Tired of using Helvetica in your R graphics? Here’s how to use the fonts you like

Although R has vast graphical functionality I've lamented the lack of support for additional fonts. You can spend an incredible amount of time fine-tuning a ggplot2 graphic, fiddling with the length of the tick marks, getting the legend just right but then the Helvetica text detracts from the beauty of what you've created.

My understanding is that support for 'non-standard' fonts is extremely difficult given the large number of computing setups, graphics devices etc. Nevertheless we often need to prepare Postscript and PDF plots for scientific papers and reports and the standard fonts often don’t cut it. Luckily there is support for additional fonts particularly if you’re creating PDFs or postscript files. I'm going to show an example using the package extrafont. There is also a relatively new package called showtext that I got to work for me, but I didn't find that it offered any functionality beyond extrafont (and it crashed my R session twice) so I won't cover that package.

1. Import fonts (and some quick data setup)

For the extrafont package you'll need to make sure that you have GhostScript on your system in order to embed the fonts (you will also need to tell R where it's located – see below). In addition, you will need to import the fonts you need. Luckily the package comes with a function that does this for you without much fuss – it takes a couple of minutes, depending on how many fonts you have. Here is an example of the code to import and then review the fonts:

library(extrafont)
font_import() # import all your fonts
fonts() #get a list of fonts
fonttable()
fonttable()[40:45,] # very useful table listing the family name, font name etc
##   package         afmfile                         fontfile       FullName
## 1      NA  AGENCYB.afm.gz  C:\\Windows\\Fonts\\AGENCYB.TTF Agency FB Bold
## 2      NA  AGENCYR.afm.gz  C:\\Windows\\Fonts\\AGENCYR.TTF      Agency FB
## 3      NA  ahronbd.afm.gz  C:\\Windows\\Fonts\\ahronbd.ttf   Aharoni Bold
## 4      NA    ALGER.afm.gz    C:\\Windows\\Fonts\\ALGER.TTF       Algerian
## 5      NA Aller_Rg.afm.gz C:\\Windows\\Fonts\\Aller_Rg.ttf          Aller
## 6      NA    Aller.afm.gz    C:\\Windows\\Fonts\\Aller.ttf     Aller Bold
##   FamilyName      FontName  Bold Italic Symbol afmsymfile
## 1  Agency FB AgencyFB-Bold  TRUE  FALSE  FALSE         NA
## 2  Agency FB  AgencyFB-Reg FALSE  FALSE  FALSE         NA
## 3    Aharoni  Aharoni-Bold  TRUE  FALSE  FALSE         NA
## 4   Algerian      Algerian FALSE  FALSE  FALSE         NA
## 5      Aller         Aller FALSE  FALSE  FALSE         NA
## 6      Aller    Aller-Bold  TRUE  FALSE  FALSE         NA

Now we're ready to use the fonts in an actual plot. Based on my review of Winston Chang's GitHub repository for the package all computer systems can use extrafont to embed fonts in PDF/PS files but extra fonts are only available in bitmap output on Windows machines.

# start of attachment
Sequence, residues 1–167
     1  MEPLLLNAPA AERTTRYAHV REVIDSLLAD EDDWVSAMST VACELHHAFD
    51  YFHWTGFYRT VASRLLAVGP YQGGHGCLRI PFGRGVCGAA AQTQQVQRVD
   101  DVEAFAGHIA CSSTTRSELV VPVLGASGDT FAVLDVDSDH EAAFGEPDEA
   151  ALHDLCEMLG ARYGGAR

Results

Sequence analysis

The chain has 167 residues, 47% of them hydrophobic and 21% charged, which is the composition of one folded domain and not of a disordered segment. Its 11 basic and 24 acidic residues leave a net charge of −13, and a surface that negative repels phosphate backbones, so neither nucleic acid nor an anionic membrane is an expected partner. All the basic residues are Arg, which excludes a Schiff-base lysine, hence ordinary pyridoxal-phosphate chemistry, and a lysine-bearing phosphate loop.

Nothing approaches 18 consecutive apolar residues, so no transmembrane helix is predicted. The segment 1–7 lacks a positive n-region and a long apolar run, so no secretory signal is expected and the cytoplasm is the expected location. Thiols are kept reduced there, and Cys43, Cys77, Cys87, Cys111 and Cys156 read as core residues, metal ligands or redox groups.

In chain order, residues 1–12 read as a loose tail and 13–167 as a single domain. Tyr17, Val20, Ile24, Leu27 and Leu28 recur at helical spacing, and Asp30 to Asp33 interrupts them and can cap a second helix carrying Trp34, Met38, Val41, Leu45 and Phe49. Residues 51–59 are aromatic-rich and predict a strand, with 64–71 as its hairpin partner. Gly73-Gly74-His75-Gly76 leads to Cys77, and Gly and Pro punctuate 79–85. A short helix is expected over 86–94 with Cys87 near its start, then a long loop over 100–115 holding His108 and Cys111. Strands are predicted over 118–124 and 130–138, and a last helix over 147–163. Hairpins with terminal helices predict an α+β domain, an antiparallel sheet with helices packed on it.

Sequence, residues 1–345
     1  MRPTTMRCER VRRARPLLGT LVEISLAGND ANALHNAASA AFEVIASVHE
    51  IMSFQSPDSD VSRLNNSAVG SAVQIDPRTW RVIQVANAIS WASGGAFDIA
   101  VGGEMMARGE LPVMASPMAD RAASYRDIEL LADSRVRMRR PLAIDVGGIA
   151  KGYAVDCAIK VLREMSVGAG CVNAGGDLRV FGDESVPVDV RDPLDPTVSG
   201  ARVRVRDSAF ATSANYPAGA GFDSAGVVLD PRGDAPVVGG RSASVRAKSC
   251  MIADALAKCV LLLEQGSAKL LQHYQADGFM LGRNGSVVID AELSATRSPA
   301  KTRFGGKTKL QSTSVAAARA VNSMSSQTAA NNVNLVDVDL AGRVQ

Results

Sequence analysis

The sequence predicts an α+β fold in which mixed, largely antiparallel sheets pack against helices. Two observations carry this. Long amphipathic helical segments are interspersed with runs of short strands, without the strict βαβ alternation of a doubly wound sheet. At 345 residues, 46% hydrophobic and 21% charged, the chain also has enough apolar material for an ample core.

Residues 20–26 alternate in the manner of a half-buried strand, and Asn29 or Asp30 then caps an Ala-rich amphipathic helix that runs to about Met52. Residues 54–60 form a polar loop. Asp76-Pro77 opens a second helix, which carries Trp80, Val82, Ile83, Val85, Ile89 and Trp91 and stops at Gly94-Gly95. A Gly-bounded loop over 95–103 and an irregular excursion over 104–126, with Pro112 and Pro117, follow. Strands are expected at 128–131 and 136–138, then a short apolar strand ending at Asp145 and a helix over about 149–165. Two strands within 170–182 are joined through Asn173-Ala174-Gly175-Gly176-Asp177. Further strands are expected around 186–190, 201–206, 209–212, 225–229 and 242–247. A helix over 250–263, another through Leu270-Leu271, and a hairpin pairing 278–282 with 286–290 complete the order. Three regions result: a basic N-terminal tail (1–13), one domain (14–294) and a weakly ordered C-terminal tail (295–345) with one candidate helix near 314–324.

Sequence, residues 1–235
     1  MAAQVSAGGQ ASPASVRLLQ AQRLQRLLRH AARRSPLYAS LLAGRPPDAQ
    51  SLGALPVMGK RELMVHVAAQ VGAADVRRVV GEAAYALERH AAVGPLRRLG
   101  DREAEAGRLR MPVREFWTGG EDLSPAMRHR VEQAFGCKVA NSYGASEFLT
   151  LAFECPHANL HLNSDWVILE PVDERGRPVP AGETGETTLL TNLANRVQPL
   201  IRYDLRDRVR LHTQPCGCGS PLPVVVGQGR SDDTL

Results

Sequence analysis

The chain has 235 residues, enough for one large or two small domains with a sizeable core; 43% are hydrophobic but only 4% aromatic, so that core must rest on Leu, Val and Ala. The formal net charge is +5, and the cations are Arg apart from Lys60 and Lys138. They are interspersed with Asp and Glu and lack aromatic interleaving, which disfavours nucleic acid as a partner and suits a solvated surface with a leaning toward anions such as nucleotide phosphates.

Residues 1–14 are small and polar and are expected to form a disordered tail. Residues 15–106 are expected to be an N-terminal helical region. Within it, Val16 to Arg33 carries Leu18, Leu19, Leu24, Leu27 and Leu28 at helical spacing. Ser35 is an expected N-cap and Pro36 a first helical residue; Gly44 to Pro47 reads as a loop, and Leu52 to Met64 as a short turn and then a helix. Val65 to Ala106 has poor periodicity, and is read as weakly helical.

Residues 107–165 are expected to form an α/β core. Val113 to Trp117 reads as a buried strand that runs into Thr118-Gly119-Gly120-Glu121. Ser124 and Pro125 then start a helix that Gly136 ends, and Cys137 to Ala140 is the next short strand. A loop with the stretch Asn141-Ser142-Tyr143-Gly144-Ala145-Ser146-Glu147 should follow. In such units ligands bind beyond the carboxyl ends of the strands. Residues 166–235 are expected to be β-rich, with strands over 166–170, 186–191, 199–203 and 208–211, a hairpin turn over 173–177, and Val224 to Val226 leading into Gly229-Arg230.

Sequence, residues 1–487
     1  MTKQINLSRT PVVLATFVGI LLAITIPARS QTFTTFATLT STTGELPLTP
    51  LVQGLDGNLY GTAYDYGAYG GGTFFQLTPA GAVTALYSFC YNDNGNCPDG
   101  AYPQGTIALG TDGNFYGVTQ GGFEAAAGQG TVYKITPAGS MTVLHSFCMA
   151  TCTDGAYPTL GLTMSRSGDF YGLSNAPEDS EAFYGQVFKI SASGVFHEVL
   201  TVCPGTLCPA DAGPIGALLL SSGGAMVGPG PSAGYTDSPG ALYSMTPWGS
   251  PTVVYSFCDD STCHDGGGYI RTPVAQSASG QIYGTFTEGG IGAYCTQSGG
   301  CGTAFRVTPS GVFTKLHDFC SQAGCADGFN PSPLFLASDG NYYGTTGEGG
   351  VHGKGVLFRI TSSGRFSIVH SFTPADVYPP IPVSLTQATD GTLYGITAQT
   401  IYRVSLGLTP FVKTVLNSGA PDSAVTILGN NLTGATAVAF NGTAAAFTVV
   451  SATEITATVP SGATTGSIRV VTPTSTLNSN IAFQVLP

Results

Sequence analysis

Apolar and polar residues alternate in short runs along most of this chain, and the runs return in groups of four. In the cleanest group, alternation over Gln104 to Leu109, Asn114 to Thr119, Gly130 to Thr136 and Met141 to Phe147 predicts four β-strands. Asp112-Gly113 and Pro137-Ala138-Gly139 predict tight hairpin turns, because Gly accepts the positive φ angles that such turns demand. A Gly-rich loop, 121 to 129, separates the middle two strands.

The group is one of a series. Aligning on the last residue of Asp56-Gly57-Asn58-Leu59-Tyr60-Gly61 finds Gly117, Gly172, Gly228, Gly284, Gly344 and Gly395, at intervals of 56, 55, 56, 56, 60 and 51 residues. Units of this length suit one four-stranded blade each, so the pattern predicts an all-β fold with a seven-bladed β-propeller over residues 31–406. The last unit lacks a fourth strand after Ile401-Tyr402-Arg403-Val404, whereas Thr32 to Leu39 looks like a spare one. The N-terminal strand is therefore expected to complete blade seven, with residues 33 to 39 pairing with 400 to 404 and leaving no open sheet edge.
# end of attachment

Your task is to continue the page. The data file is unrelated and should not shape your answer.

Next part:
# a little setup, I'm using data from the amazing NMMAPS air pollution study
# background here http://bit.ly/1pqboBG
library(ggplot2)
nmmaps<-read.csv("chicago-nmmaps.csv", as.is=T)
nmmaps$date<-as.Date(nmmaps$date)
nmmaps<-nmmaps[nmmaps$date>as.Date("1996-01-01"),]

2. Use your new fonts – Bauhaus 93 TrueType font anyone?

Below I'm saving directly to an image and the non-default font shows up both on a screen device and in the saved PNG file. But on a Mac you may be limited to saving to PDF (see next setp)

.

# default font
ggplot(nmmaps, aes(x = date, y = temp)) + geom_point(color="red")+
  ggtitle("This is a default font")+
  theme(plot.title = element_text(size=30, face="bold", vjust=1))

plot of chunk unnamed-chunk-5

# new font (note the family argument)
ggplot(nmmaps, aes(x = date, y = temp)) + geom_point(color="red")+
  ggtitle("This is a non-default font")+
  theme(plot.title = element_text(size=30, 
                                  vjust=1, family="Bauhaus 93"))

plot of chunk unnamed-chunk-5

3. Create a PDF (and don't forget to embed your fonts)

You can use ggplot2's great ggsave function to save the plot to PDF.

# note that this step will get warnings that you can ignore
ggsave("newfont.pdf")

If you open the PDF now, though, you will be sorely disappointed! The new font will not appear in the PDF because we have not embedded the font in the PDF yet. In order to do this you have two last steps. Tell R where GhostScript is located and then embed the fonts.

Sys.setenv(R_GSCMD = "C:/Program Files (x86)/gs/gs9.02/bin/gswin32.exe")
embed_fonts("newfont.pdf")

And you're ready to send that PDF directly to your journal of choice.

4. Last comment

I found that most of the fonts worked perfectly both on my image devices as well as PDF but in a few cases something went wrong with the PDF. For example, I played around with the Algerian TrueType font and got output like this:

NO

when it should look like this:

YES

Some digging would be required to track down the issue and, fortunately, Algerian TrueType is not high on my list of fonts to use.

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